Sunday, June 14, 2015
Everybody should have a fernery
Grotto, Dorrance H. Hamilton Fernery
Where to begin? After a bit of a break from blogging, I came back energized and inspired from an exhausting yet exhilarating three days in Philadelphia for a regional meeting of the Garden Writers Association (GWA). As part of the meeting, GWA members toured the Morris Arboretum of the University of Pennsylvania, including Bloomfield Farm (a part of the arboretum not open to the public), with a visit to Chanticleer Garden the next day. But let's start at the beginning: everybody should have a fernery.
What's a fernery, you might ask? This isn't a trick question: it's a place where one grows ferns. There aren't many around these days, but when I asked horticulturist Louise Clarke what I should see on my first visit to the arboretum, she immediately recommended the Dorrance H. Hamilton Fernery.
Entrance to the fernery
Victorians gardeners were crazy for ferns, and built enclosed gardens devoted entirely to ferns to shelter their more tender or tropical species. The fernery at Morris Arboretum was built by John Morris in 1899, when the property was his private estate, and is the oldest (in fact the only) surviving example of a Victorian fernery in North America. Some of the ferns in the collection are apparently the original specimens planted by Mr. Morris. The fernery is named in honor of Morris Arboretum board member and philanthropist Dorrance H. Hamilton, who helped fund a major restoration of the fernery in 1994 after a long period of decline.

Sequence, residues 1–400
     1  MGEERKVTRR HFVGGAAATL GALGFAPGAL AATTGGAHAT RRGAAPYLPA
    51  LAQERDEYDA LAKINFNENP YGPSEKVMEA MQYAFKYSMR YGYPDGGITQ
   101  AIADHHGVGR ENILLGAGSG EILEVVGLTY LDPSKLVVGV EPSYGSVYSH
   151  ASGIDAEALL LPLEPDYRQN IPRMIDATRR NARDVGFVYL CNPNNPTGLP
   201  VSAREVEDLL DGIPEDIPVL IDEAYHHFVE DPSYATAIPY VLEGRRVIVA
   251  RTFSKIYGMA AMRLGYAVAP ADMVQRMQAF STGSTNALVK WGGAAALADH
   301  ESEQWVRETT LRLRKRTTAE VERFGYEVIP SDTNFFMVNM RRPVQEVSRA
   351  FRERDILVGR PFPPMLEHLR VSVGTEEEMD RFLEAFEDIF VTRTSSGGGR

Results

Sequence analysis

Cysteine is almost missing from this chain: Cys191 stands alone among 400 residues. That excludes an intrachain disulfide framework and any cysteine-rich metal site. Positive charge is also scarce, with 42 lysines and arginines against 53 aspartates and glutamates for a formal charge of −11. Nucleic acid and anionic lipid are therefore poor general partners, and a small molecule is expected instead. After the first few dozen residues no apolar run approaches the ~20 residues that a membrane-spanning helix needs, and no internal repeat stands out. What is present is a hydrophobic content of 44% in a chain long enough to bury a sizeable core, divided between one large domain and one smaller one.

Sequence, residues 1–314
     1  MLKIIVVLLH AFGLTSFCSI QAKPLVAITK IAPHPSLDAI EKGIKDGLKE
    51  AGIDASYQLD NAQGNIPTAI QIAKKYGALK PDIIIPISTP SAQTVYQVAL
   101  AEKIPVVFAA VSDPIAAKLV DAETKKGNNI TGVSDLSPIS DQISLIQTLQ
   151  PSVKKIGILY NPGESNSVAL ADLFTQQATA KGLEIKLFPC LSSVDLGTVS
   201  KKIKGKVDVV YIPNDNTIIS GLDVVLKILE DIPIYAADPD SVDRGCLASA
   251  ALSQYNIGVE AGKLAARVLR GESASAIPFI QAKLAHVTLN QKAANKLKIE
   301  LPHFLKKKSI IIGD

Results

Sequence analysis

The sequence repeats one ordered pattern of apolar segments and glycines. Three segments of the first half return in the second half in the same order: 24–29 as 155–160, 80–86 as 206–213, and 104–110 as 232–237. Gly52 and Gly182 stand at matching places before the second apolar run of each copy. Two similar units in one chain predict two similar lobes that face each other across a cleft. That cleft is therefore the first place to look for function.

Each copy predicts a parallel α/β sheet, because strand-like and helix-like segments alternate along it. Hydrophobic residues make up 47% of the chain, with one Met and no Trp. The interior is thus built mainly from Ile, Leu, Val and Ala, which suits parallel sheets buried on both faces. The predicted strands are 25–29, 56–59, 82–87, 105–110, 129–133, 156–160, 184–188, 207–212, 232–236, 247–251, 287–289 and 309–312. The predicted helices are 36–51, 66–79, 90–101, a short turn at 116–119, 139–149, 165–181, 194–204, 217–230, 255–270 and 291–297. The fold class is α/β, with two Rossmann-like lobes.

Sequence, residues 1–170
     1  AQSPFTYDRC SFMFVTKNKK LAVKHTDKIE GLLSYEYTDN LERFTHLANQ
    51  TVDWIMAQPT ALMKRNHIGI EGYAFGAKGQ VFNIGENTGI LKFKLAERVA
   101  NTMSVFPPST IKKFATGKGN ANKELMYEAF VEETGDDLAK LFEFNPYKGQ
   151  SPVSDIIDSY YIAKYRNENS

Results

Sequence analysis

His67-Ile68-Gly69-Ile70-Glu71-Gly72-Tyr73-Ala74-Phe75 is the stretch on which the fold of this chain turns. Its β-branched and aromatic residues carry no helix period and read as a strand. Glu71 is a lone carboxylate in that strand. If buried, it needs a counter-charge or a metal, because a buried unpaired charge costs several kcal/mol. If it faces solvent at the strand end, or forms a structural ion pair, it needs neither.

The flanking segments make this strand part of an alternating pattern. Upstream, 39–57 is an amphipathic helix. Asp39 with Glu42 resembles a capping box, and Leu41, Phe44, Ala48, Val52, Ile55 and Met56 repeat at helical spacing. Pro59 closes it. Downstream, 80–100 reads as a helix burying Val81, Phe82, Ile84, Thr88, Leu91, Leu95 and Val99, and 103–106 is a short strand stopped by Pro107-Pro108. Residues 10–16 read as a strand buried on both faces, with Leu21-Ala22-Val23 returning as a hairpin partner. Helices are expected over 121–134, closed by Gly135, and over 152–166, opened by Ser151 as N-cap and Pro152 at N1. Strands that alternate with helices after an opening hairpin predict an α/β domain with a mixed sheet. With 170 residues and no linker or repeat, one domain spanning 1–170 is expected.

Why ferns? I can't really say but there's something delightfully eccentric about a fernery. I've always loved ferns myself, so the idea appeals to me immensely. I especially liked the shaded, dripping grotto planted with maidenhair ferns (Adiantum sp.), which are among my favorite ferns. Now, how to fit something like that into my tiny property?
Asplenium nidus and other ferns
Nearby there is also a collection of hardy ferns in the Hardy Fern Garden & Stumpery. A stumpery is not where one grows stumps! Twisted, contorted, or otherwise architecturally interesting stumps are artistically arranged because apparently that's another one of the eccentric things Victorian gardeners did, planting them with ferns, mosses, and other woodsy plants. Morris Arboretum's stumpery is a more recent addition and I don't think any of the stumps are original, as I would expect them to decompose after more than a century.
Garden writer friend in the stumpery
Adiantum pedatum growing in the stumpery